Father Mahoney at eight.
And Commodore Maynard at nine.
Which tells us
that the killer changed the time
on a watch or clock
at each of the scene of crimes.
So, at ten o'clock,
he changed Dudley Lunn's watch to 6:50.
At eight o'clock, he changed Father
Mahoney's pocket watch to 3:50.
And at nine o'clock,
he changed Commodore Maynard's
carriage clock to 3:10.
Now, we thought that he was trying
to just supply himself
with a false alibi. But it's
actually far, far simpler than that.
If you say so.
The actual time is immaterial.
It's the position of the hands
on the clock that's important.
To use the terminology
that was drilled into us in Signals.
6:50, left hand down, right hand high.
3:50, left hand out, right hand high.
3:10, left hand out,
right hand across high.
- Semaphore?
- Exactly.
Mine's a bit rusty, but C-Y-W?
C-Y-W, yes.
It doesn't mean anything.
No, well, it's a puzzle, isn't it?
Ah, Miss Parry.
Fy nghyw bach!
Thank you, Miss Parry, for coming in
to confirm what you confided
in me earlier.
Constable, if you can escort her
to the canteen,
I'll see you in a moment.
Yes, of course, sir, you're right.
C-Y-W doesn't mean anything.
In English.
But in Welsh
and perhaps you can help me
with my pronunciation here,
cyw is a term of endearment.
It means "chick".
Now, you said to us
"This is Siwan.
"Joan, she'd be in English.
"But most people call her Birdie." Yes?
So she was to everyone else.
But to me fy nghyw bach.
My little chick.
I recognised her
from Superintendent Bright's
sketchpad, sir.
Although she now calls herself
Lynn Parry,
after her mother's maiden name.
She's also the blonde in the
blue films made with Dudley Lunn.
Ifan Roberts, I'm arresting you
for the murder of Dudley Lunn,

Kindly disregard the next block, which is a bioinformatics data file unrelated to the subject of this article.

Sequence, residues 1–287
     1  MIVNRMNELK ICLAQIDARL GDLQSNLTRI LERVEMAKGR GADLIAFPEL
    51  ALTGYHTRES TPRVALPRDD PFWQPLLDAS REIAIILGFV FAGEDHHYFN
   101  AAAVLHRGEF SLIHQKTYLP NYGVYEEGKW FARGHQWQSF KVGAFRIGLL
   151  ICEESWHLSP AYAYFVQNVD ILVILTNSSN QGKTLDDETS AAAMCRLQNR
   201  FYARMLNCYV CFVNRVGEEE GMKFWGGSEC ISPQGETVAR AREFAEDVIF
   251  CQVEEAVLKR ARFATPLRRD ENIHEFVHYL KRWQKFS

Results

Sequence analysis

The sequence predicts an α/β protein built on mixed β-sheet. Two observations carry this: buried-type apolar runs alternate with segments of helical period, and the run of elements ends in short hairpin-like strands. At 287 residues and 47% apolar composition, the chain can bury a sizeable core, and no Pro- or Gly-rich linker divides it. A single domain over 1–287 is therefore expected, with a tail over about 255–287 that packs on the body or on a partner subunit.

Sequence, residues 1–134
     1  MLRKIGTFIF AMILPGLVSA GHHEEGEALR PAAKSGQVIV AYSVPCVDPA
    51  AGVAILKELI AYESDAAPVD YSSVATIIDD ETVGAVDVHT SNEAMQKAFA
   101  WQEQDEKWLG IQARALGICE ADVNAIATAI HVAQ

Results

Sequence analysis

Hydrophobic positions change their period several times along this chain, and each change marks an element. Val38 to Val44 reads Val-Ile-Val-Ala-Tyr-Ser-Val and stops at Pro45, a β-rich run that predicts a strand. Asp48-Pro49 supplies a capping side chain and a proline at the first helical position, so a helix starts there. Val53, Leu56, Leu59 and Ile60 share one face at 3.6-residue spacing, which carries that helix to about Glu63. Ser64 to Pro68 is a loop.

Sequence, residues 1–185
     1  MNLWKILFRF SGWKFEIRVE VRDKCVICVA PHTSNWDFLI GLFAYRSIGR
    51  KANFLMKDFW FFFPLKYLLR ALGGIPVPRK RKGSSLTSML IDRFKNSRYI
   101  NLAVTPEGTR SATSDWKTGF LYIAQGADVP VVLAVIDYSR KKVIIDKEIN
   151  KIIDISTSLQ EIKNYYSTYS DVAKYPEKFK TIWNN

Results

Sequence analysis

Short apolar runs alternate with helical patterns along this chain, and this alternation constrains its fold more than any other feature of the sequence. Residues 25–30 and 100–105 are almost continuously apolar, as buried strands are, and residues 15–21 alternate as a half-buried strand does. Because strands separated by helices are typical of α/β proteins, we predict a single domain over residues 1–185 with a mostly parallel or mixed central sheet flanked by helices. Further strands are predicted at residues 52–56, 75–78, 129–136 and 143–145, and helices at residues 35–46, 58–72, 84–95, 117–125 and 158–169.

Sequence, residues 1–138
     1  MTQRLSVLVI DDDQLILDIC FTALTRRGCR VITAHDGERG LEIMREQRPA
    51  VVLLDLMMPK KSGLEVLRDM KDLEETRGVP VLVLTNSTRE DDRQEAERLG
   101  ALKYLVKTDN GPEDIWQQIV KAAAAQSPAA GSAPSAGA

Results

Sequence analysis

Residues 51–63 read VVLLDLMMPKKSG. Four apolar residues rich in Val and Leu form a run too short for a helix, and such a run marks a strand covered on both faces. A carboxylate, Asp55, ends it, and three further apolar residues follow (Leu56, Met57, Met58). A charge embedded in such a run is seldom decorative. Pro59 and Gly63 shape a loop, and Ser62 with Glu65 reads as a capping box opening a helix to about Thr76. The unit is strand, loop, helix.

Father Mahoney and Commodore Maynard.
Presumably you watched Lunn
for a long time.
Planning, waiting for your moment.
You knew he was knocking off
Patty Grady.
And you knew that Mr Grady
worked at Paradise Court.
I watched them all for a month,
on and off.
Nobody notices taxis.
Get behind the wheel of a cab
and you might as well be invisible.
But we see everything.
The pathetic secrets.
The carrying on.
All of it.
As a dispatcher,
you were perfectly placed
to send Lunn on a non-existent job
to Hovelle Wood,
where you would be waiting for him.
Ifan, what's?
What's this about?
See what you did, Dudley, to my Siwan!
- Eh? Tell me who else is involved!
- No-one.
Tell me!
You probably told him he'd live
if he gave you what you wanted.
How did you discover
your daughter was involved?
I see. Of course.
You'd become a member of
The Ostrich Fanciers' Club.
You'd ordered some of their films.
You saw her.
I knew her at once.
She was my little girl.
Fy nghyw bach!
He was just a name on a card
twice a year.
"Love, Dad."
Dad? What does that even mean?
I barely remember him.
Perhaps. But he never forgot you.
Well, maybe it would have been
better for everyone if he had.
Something far easier said than done
for any father.
What can you think of me?
I think you're an intelligent,
sensitive, young woman
who fell amongst scoundrels.
Any shame is on their side.
Not yours.
Thank you.
45, 45, pick up
98B Chestnut Way, New Hinkley.
Going to
North Oxford Lawn Tennis Club.
Passenger's a Miss Carlitt.
Yeah, Roger, Clarry. On way.
I should've tumbled.
Crossed flags on his arm.
It's the badge of a Naval signalman.
And what of the graffiti?
Micah 5.15.
"And I will execute vengeance
with anger and fury upon the heathen
"such as they have not heard."
He did it in her name.
I can't say I blame him.
- If it had been my daughter
- Ah, but it never would be.
It could happen to anyone.
Given the right circumstances.
They're all somebody's daughter.
Somebody's mother, sister.
They all mean something to someone.
Or did once.
And now because of
The Ostrich Fanciers' Club,
they mean nothing to anyone.
Except to us.
They mean something to us.
To me, at least.
I'd have said to you, too, once.
Well, I'm not the fool I was.
I quite liked that fool.
He hoped for the best in people.
Surely, it's better
to see things as they are.
People make bad choices,
they have to pay the consequences.
What about pity, understanding?
Where does that fit into the picture?
I'm not here to
kiss the wounded.
I'm here to make sure justice gets done.
The rest I can leave to the likes
of Father Mahoney,
for all the good it did him.
I'm sure you know best.
Another beer? Or are you bitter enough?
No, I won't. I've something on tonight.
We're who we are, Morse.
Our nature
we can try to escape it.
But it'll find us out in the end.
A man's what he is.
Whether he likes it or not.